Cybercrime is becoming more organised and established as a transnational business. High technology online skills are now available for rent to a variety of customers, possibly including nation states, or individuals and groups that could secretly represent terrorist groups. The increased use of automated attack tools by cybercriminals has overwhelmed some current methodologies used for tracking Internet cyberattacks, and vulnerabilities of the U.S. critical infrastructure, which are acknowledged openly in publications, could possibly attract cyberattacks to extort money, or damage the U.S. economy to affect national security. In April and May 2007, NATO and the United States sent computer security experts to Estonia to help that nation recover from cyberattacks directed against government computer systems, and to analyze the methods used and determine the source of the attacks. Some security experts suspect that political protestors may have rented the services of cybercriminals, possibly a large network of infected PCs, called a ‘botnet’, to help disrupt the computer systems of the Estonian government. DOD officials have also indicated that similar cyberattacks from individuals and countries targeting economic, political, and military organisations may increase in the future. Cybercriminals have reportedly made alliances with drug traffickers in Afghanistan, the Middle East, and elsewhere where profitable illegal activities are used to support terrorist groups. In addition, designs for cybercrime botnets are becoming more sophisticated, and future botnet architectures may be more resistant to computer security countermeasures. This book discusses options now open to nation states, extremists, or terrorist groups for obtaining malicious technical services from cybercriminals to meet political or military objectives, and describes the possible effects of a co-ordinated cyberattack against the U.S. critical infrastructure.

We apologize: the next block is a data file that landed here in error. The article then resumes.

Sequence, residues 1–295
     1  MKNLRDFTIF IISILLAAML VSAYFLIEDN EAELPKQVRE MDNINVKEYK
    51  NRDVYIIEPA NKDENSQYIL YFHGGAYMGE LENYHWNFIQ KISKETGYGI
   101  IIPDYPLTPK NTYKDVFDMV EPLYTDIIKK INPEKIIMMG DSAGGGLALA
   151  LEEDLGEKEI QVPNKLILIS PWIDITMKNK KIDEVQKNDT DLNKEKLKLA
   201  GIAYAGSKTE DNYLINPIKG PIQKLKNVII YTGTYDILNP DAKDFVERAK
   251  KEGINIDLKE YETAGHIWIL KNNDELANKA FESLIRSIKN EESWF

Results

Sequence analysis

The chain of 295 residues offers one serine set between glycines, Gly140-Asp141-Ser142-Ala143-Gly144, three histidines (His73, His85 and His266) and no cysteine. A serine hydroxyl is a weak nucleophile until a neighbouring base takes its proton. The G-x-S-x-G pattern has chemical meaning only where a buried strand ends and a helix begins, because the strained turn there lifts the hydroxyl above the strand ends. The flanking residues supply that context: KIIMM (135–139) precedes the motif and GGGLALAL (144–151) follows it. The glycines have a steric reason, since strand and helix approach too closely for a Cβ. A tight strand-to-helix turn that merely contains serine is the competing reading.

Writing Security Tools and Exploits will be the foremost authority on vulnerability and security code and will serve as the premier educational reference for security professionals and software developers. The book will have over 600 pages of dedicated exploit, vulnerability, and tool code with corresponding instruction. Unlike other security and programming books that dedicate hundreds of pages to architecture and theory based flaws and exploits, this book will dive right into deep code analysis. Previously undisclosed security research in combination with superior programming techniques will be included in both the Local and Remote Code sections of the book.
The book will be accompanied with a companion Web site containing both commented and uncommented versions of the source code examples presented throughout the book. In addition to the book source code, the CD will also contain a copy of the author-developed Hacker Code Library v1.0. The Hacker Code Library will include multiple attack classes and functions that can be utilized to quickly create security programs and scripts. These classes and functions will simplify exploit and vulnerability tool development to an extent never before possible with publicly available software.